JERUSALEM (Reuters) - Complaints by Russian-speaking immigrants prompted an ultra-Orthodox party in Israel to pull a TV commercial plugging their election campaign which shows a man recoiling in horror at discovering his bride is not Jewish.
In the advert, a Russian-accented bride receives a faxed certificate during her wedding ceremony attesting to her conversion to Judaism. With disgust in his voice, her Israeli husband blurts out: “What, you’re not Jewish?”
The controversy reflected long-standing tensions between the religious Shas party, a member of Prime Minister Benjamin Netanyahu’s government, whose core constituency is made up of Jews of Middle Eastern or North African descent, and parties representing immigrants from the former Soviet Union.
There are at least 2 million Russian-speaking immigrants in Israel and hundreds of thousands do not meet Orthodox standards for recognition as Jews.
Several immigrants complained about the commercial in letters to the Israel Central Elections Committee and many more posted protests on social media sites such.
Nino Abesadze, immigrant lawmaker and candidate for the centrist Labour party, denounced the Shas advert in a notice posted on her Facebook page as “racist and mocking of the immigrants”, and demanded it be taken off the air.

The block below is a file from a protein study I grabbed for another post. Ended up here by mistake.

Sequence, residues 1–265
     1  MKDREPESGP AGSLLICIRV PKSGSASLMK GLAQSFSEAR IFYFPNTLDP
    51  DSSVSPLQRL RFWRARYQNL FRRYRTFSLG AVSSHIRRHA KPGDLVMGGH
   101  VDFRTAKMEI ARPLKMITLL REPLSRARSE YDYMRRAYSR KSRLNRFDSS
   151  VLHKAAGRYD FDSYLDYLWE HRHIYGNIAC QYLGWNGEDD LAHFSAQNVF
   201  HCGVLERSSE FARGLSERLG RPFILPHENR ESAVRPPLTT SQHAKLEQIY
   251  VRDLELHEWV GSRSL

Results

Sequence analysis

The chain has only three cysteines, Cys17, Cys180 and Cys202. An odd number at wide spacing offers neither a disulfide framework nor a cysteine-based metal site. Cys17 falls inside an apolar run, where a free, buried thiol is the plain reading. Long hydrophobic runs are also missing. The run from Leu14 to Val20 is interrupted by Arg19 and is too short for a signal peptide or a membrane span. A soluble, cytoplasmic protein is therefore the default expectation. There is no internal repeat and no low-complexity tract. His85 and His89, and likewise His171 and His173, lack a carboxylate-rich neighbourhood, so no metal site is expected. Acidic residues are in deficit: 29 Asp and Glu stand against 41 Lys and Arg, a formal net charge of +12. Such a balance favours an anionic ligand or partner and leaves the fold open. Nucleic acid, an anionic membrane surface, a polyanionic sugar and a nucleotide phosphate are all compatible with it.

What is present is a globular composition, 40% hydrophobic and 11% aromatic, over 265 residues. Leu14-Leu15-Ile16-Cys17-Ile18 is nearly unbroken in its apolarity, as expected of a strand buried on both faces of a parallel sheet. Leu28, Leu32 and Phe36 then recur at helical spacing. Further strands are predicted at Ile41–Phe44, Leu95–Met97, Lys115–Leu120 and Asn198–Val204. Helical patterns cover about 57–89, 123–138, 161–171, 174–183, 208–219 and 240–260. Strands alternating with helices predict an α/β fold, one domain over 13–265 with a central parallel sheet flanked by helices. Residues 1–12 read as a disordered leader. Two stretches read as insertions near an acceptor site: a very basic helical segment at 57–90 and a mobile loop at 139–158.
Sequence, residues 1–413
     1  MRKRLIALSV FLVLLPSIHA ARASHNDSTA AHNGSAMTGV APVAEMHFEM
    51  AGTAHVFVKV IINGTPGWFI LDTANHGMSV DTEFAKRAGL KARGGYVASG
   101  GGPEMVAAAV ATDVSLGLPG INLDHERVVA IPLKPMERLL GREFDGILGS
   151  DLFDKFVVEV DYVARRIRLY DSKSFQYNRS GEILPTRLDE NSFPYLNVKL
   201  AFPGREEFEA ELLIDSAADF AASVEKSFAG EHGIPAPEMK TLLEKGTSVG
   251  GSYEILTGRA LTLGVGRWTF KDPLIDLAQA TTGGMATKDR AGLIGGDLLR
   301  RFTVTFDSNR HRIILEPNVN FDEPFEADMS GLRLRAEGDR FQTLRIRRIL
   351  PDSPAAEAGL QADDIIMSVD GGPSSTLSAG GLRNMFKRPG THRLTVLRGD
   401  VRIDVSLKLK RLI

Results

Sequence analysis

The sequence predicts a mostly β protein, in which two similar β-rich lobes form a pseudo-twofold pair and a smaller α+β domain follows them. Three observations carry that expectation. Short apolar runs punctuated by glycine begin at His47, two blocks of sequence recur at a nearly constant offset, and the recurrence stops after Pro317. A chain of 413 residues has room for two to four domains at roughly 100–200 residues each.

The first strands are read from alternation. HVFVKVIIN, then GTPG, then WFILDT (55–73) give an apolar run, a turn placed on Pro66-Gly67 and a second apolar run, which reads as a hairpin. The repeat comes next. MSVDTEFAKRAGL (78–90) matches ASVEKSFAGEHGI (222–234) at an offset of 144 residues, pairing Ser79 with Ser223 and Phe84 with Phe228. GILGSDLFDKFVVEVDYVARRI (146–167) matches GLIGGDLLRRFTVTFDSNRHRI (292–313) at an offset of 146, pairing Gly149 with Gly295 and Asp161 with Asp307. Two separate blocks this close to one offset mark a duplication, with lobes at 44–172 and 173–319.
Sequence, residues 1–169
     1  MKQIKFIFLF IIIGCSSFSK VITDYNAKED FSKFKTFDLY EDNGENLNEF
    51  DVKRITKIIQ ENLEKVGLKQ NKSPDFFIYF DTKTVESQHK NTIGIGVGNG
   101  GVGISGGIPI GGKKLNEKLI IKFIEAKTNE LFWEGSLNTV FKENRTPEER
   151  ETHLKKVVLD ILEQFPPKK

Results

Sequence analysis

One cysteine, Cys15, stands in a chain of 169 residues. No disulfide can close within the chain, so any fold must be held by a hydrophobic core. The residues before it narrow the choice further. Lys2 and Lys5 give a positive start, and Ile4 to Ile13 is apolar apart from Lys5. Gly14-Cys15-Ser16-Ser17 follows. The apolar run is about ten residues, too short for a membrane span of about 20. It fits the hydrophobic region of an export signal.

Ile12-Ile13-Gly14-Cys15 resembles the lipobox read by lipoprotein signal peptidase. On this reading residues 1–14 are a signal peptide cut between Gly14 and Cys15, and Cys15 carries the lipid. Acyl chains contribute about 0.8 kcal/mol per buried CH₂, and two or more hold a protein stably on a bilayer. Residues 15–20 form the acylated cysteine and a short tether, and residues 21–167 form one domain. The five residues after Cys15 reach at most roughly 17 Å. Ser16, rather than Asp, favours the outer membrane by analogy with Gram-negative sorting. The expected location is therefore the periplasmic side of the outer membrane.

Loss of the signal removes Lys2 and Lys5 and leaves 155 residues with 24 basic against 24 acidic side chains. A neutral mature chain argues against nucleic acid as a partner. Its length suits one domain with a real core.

In a statement the committee said late on Wednesday it had found the advert offensive and that Shas had agreed not to run it anymore. The minute-long spot aired for two nights in the run-up to the January 22 parliamentary election.
Parties championing Russian-speaking immigrants such as the far-right Yisrael Beitenu led by former Foreign Minister Avigdor Lieberman, want to simplify Jewish conversion procedures in Israel controlled by the Orthodox Rabbinate.
Shas opposes this, as it does calls for civil marriage in Israel. The Rabbinate, also in charge of marriage procedures, issues marriage licences only to couples it deems Jewish under ritual law.
Writing by Allyn Fisher-Ilan; Editing by Pravin Char